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Angie’s List: Coolant Changes – Repair or Replace Your Air Conditioner

SPRINGFIELD,  Mass. (WGGB) — If you need to have coolant added to your air conditioner this summer, brace yourself.  You might be in for a shock.

The cost for fixing that leak could cost you more than in years past.

Federal regulations have turned what was a commonly available air conditioning system refrigerant into a scarce resource. And that may make a lot of homeowners sweat this summer.

Consumers have reported spending two and three times the amount for a common type of refrigerant than in previous years.

Angie’s List, the nation’s leading provider of consumer reviews, asked highly rated heating and cooling companies about these regulations.

The reason for the cost increase can actually be traced back to action taken by the federal government 25 years ago.

In 1987, the Environmental Protection Agency ordered the phasing out of certain ozone-depleting refrigerants as part of the Montreal Protocol. The act calls for 90 percent of R-22 coolant, commonly called “Freon,” to be phased out by 2015 and to be virtually obsolete by 2020.

Most air conditioners manufactured before 2010 use the coolant. The new EPA-approved coolant, known as R-410A, does not work with the R-22 equipment.

Refrigerant leaks are a common problem with air conditioners. Over a couple of years, most units will lose a pound or two of the eight pounds of coolant typically needed to keep the machine pumping chilled air throughout your home.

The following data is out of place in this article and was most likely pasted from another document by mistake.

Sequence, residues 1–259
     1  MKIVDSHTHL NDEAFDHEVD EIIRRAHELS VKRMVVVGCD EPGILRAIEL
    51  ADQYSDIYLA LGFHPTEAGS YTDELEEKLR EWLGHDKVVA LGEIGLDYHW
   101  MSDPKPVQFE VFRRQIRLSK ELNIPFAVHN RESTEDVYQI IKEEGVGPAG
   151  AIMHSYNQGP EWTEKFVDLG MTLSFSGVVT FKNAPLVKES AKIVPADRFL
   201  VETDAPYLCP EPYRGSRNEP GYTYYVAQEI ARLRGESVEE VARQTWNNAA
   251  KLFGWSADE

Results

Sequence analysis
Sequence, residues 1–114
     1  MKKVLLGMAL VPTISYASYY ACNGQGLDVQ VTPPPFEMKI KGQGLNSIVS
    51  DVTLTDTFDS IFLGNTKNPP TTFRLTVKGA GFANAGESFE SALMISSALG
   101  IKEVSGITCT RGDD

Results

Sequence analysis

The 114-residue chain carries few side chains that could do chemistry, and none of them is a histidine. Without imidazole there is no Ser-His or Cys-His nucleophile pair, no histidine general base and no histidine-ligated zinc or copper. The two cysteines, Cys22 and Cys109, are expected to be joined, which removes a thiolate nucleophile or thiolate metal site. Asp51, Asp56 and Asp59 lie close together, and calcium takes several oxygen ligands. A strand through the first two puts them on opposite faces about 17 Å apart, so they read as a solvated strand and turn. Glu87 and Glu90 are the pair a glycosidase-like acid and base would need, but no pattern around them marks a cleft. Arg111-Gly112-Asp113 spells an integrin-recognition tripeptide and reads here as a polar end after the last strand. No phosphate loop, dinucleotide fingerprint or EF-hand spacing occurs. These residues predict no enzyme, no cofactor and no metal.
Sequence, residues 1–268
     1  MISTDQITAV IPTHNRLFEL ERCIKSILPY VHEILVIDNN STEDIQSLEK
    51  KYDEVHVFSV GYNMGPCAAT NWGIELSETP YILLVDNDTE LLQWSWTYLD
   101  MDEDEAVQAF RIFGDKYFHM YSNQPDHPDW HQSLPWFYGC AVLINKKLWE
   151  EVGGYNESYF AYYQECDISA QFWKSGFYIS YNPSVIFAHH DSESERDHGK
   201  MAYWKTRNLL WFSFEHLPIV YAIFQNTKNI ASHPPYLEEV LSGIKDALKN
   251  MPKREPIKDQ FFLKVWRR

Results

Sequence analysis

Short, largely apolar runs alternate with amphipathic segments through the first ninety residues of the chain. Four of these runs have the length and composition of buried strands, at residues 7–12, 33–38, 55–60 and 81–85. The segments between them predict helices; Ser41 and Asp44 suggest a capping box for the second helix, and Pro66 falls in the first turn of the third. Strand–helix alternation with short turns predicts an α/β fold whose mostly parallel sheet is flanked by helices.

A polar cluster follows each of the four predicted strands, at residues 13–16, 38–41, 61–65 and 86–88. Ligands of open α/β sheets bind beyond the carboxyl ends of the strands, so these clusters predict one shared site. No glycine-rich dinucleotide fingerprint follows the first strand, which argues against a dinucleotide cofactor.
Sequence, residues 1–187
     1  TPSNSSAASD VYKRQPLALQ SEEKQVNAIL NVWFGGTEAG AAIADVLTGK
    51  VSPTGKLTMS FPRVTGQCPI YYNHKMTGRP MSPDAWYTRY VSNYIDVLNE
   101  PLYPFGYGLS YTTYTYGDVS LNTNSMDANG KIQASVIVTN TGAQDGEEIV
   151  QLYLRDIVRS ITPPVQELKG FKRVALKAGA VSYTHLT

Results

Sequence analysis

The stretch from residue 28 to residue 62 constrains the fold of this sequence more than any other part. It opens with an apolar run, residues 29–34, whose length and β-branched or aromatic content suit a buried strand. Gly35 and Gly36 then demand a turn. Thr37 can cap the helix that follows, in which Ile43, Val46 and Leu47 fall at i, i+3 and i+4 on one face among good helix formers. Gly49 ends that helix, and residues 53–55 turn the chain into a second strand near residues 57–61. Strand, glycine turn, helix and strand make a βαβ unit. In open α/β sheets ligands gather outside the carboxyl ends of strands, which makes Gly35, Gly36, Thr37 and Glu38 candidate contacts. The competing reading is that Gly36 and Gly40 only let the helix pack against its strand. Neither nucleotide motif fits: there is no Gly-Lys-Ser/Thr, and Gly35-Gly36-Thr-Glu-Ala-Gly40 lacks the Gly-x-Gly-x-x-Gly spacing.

Angie’s List Tips: Options for homeowners

The rate increase is sure to pose issues for homeowners with older, leaky equipment. Many are faced with the prospect of continuing to invest in higher repair costs for older equipment, or taking the plunge and replacing the equipment with a newer, more efficient system that uses the new coolant.

Having a conversation about your options with a licensed and qualified heating and cooling company can help homeowners determine if they should repair existing equipment or replace it. Any technician who handles refrigerant must be certified by the EPA to work with the coolant.

Homeowner opting for repair should be prepared to also pay additional costs to cover service, labor and any other parts necessary.

For homeowners who don’t want to invest in an entirely new system but also don’t want to keep investing in repairs, some manufacturers have circumvented the EPA guidelines, which called for an end to production of A/C units “charged”, or filled, with R-22, by producing units that use the old coolant but don’t come charged with it. These are often called “dry” units. Though these units generally cost less than a whole new system, consumers will still have to fill them with the old refrigerant, which is only likely to only get more expensive in the years to come.



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